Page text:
Thursday 31 May 2012

Scholar Gypsies Take Heart: The Ronin Institute Might Be the Place For You

I feature John Hawks's weblog on the Subversive Archaeologist's blogroll. Usually I can look to it for more grist. But this morning I came across a recent entry that pointed me to an article in the Boston Globe, 'The Ronin Institute for wayward academics.' 
     I almost dropped my [authorized, logo imprinted] official SA regalia coffee mug. For there, in front of me, was, if not the answer to my dreams, at least a possibility of the road forward. The article discusses the fate of too many PhDs, not just the ones who're cold-shouldered by the establishment. New ones. Ones that have been teaching part time for years, if not forever. I know some of them. Hi, Jonathan. Hi, Kathy. Those who've never held an academic position but who wish they could do research, just the same.
     Dr. Jon Wilkinson, a theoretical evolutionary biologist in Montclair, NJ, has launched the Ronin Institute to foster a new paradigm of the academy. His hope is to provide an institutional affiliation for those of us without one, and a new academic niche, that of the 'fractional scholar.' This is the proverbial ray of hope for the likes of me, because without that coveted institutional affiliation there's little to no chance that research funds would ever come their way, much less the wherewithal to attend meetings and hang out with the grown-ups.
     Wilkinson needs support of all kinds for this endeavour, and is busily looking for patrons and funding. But the real engine of his enterprise, it seems to me, will be the calibre of the scholars chosen and their ability to prove that the old structure could do with a re-jig--that it's not just tenured university professors who have the requisite expertise and time to do research. Those of us with full-time day jobs would, I'd bet give small bits of their anatomy for the chance to work evenings and weekends on something they love, rather than watching American Idol or weeding the garden [or drinking inexpensive California chardonnay while sitting around complaining about the work everybody else is doing]. So, I say 'Pave the garden over and throw the TV away!'  'Let's raise Jon Wilkinson on our shoulders, and run around in circles in a pre-emptive victory lap!'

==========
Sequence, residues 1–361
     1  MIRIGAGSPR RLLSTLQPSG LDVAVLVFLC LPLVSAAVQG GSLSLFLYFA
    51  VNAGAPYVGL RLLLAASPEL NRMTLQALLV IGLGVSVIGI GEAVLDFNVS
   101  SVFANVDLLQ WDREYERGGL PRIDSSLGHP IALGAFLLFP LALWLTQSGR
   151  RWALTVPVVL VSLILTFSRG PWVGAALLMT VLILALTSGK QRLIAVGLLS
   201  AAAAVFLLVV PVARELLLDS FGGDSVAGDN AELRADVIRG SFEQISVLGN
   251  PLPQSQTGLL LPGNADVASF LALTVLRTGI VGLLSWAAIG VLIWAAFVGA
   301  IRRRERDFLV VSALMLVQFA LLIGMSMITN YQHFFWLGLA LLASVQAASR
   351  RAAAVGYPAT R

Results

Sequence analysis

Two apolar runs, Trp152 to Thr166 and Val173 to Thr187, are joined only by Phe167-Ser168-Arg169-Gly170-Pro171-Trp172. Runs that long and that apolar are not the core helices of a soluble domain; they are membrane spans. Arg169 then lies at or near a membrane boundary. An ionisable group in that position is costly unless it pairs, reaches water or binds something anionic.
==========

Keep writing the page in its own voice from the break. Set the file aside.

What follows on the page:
Where do I sign up? Here's where:
     And, yes, the institute's name is taken from Japanese history.
The term originated in the Nara and Heian periods, when it referred to a serf who had fled or deserted his master's land. It then came to be used for a samurai who had lost his master. (Hence, the term "wave man" illustrating one who is socially adrift.) -Wikipedia [of course!]

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  1. I love it. Go for it. But be aware that I am the founding Editor of the Journal of Negative Results. We have only one editorial policy. "If a paper is accepted for publication, it is automatically disqualified." I fear your new academic affiliation might disqualify you from membership of the very organisation you have become a member of. This is much more powerful than Groucho's disqualification. By the way, do you want to be on the editorial board of JoNR?

  2. If I were to be on the board, you might actually have to publish something. You know, don't you, that the last piece I accepted was On the Origin of Species. Since then it's been all downhill.

  3. Interesting idea indeed. I get the feeling America is really restrictive when it comes to papers and conferences, going on what I have heard from post-grad students from the colonies. At least in the UK things aren't as restrictive and anyone who can write to a good enough standard, be it amateur archaeologist, contract staff or enthusiast, has a shot at getting published. As for getting a decent job and actually getting funded to write or research... well I'll let you know if I ever break into that exclusive club!

  4. @Stuart. I'm not so certain that your perception of American scholarship isn't a by-product of the white lab-coat syndrome. It seems to me that if you have a site (which you couldn't get without funding) you can say just about anything. And if you have a good academic address you're away as well. I'm beginning to get the impression that referees are either star-stricken or at a minimum susceptible to the glamour effect (when they're not simply out of their league or incapable of following an argument and recognizing a fallacious one). Thanks for dropping by. Cheers.


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